All large networks of engaged users eventually face a monetization dilemma, once the growth honeymoon is over. To monetize, they need to create a new product that is different from the free one. Their dilemma emerges when that doesn’t get the founder as excited or involved as they were with the original consumer product, because the monetizable product isn’t always as sexy, nor is it in within their range of expertise. Finding the business model is one thing, but developing a solid product that enables its realization presents another set of challenges. There is no doubt that Twitter figured this out in 2010, but only after they brought Dick Costolo. Whereas the Twitter “founding fathers” created the product that consumers use, it was another team that introduced their advertising products, with the launch of the Promoted Tweet in April 2010. If you want to digress a bit on that topic, read How Twitter became a money-spinning juggernaut, a fascinating account of the history of the Promoted Tweet creation. A couple of months ago, in a post titled Don’t Confuse Growth with Success, and Don’t Delay the Revenue Model, I wrote “A product that gets users isn’t always the product that sells”. I see four typical outcomes: a) the founder(s) is replaced by a more operationally oriented CEO who isn’t as emotionally wedded to the original product (e.g. Twitter). b) the company is sold to another one who could monetize it better (e.g. Tumblr). c) the company flounders even with a large network (e.g. MySpace). d) they keep trying to find the business model via experiments. SaaS model or freemium products are exempt from this dilemma, because the product that gets used is the same one that users eventually pay for. For the d) category, I compiled a list of advice for companies that are trying to figure out the revenue model with the right monetizable product.

1. Paid Products need Product Managers

Just as your original product required a strong vision (usually the founder’s), the paid products also need to be lead by a product manager. They will have their own roadmap and product evolutionary steps. Take the same product creation diligence as you did for your original product.

2. Get an Expert in the House

If your monetizable product is advertising-based, and you’ve never run an advertising network, nor been part of the advertising industry, then hire someone with that experience. The ad-tech space is undergoing a lot of exciting changes and metamorphosing itself, but it’s treacherous waters. There are too many players. Shake-outs and consolidations are imminent.

3. Don’t Take Experiments Too Lightly

A common practice is to call these new revenue products “experiments” to minimize the signalling of failure if they don’t work out. But if you’re experimenting, you might as well make bold experiments. Don’t make small experiments that won’t scale or extend all the way. In the case of Twitter, their early experiments with the promoted tweets were totally expandable across all of Twitter’s user base and potential customers, because the experiment was wrapped around their atomic unit of value, the tweet. The more users they had, the stronger it made their Promoted Tweet product, because it was performance-based. Experiment to leverage your core, which is unique to you. A mistake I’m seeing is when the experiment targets only a subset of your market potential, while it will take you a large effort to roll-out. Yet, it doesn’t fully scale.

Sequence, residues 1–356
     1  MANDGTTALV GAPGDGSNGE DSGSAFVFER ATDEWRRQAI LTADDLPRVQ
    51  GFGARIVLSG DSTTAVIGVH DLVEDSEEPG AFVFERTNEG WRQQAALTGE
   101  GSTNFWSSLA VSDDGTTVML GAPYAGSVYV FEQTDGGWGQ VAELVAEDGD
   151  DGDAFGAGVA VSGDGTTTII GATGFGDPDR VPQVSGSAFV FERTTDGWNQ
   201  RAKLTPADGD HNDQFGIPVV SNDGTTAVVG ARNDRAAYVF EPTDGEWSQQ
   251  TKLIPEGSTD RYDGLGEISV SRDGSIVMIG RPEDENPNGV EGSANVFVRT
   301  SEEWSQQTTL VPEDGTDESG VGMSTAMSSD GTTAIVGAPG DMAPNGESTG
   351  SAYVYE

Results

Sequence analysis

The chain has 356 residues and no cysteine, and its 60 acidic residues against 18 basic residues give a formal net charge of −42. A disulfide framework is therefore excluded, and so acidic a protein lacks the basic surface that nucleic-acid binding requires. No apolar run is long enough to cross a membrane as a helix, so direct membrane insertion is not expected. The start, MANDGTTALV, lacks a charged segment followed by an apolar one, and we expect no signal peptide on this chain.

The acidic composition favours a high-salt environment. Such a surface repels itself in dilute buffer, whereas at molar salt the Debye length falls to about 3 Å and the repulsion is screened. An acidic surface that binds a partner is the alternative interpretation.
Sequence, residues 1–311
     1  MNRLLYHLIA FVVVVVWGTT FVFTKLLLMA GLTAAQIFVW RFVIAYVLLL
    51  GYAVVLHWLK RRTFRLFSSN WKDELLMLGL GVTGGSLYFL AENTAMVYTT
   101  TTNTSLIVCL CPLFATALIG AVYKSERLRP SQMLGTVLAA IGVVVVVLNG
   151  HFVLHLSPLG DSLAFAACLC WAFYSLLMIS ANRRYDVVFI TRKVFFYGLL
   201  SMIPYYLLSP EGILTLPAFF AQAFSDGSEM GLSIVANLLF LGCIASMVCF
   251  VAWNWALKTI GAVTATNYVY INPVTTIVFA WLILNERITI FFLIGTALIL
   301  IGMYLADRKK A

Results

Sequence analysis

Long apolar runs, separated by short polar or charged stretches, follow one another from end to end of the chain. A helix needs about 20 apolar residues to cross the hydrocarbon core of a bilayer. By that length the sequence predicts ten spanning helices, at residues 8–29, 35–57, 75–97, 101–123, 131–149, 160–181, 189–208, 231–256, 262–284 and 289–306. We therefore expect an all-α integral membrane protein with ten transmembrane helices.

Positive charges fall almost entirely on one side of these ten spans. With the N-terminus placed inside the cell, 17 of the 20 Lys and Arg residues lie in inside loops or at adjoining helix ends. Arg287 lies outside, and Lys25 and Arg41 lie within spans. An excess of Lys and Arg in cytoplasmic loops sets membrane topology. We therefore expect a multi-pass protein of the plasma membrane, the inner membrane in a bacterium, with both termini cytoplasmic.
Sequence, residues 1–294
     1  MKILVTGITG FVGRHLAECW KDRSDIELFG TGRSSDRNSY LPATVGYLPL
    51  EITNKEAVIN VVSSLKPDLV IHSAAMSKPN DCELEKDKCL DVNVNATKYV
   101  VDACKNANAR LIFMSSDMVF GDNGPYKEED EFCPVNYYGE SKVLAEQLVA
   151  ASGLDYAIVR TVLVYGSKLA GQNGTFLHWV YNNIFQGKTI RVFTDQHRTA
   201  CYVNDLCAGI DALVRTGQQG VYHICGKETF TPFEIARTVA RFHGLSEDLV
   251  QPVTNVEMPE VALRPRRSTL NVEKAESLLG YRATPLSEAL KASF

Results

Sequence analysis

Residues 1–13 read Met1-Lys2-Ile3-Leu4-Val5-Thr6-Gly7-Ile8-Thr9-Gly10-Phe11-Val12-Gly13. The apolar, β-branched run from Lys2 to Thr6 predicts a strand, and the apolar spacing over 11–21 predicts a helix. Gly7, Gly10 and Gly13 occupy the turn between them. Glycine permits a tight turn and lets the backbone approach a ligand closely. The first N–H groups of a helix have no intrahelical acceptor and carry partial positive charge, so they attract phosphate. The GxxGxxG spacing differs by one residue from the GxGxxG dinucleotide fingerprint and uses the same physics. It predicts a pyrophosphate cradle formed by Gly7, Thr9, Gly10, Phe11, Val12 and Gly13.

4. When It Works, Scale it Rapidly

Related to #3, the idea of the experiment is to be able to scale it as quickly as possible. The scalability plan should be part of your product roadmap.

5. A Data Scientist is Not a Product Manager

With more users come more data, and with more data comes the challenge of being able to make sense of it all. So, companies are starting to hire “big data scientists” or statistical experts. But they are not product managers, nor developers. This means they aren’t the ones that are the best qualified for creating a viable product. “Data science” is part of a product, but it doesn’t drive the product’s requirements. This post Notice to startups: You are doing data science wrong does a great job explaining the difference.

6. Diversify and Extend the Product

When the first monetizable product is working and generating revenues, you need to think about extended or additional products. Any startup that has become successful will have multiple products. Twitter now has 3 Promoted Products: Promoted Tweet, Promoted Account, and Promoted Trend. Google has dozens of advertising products and units. Facebook had 27 advertising products, although they are scaling back on that number. Zynga has 33 games.

7. Hire a Hard Core Sales Person

There is no successful organization that doesn’t have a strong sales leader. I personally don’t like the use of the word “revenue” instead of sales, e.g. president of revenue, or head of revenue. I understand it is used when the product generates Web-based revenues. Regardless, the head of sales becomes a key person.

8. Market it Like it’s Your Product

Surprisingly, some companies forget to market their monetizable product, as they keep focusing on the free consumer product. If you’re a business, you’ve probably heard now of the Promoted Tweet, just as you know about Google AdWords. You need to create awareness for that new product, and make it rival your original product’s share of your prospects’ mind. The only difference is that it’s targeted at your business customers, not consumer users. The above steps may sound obvious, but they aren’t easy to implement. A key factor is the founder. If they are self-aware of their limitations, and act accordingly, the monetizable product will be easier to get hatched.]]>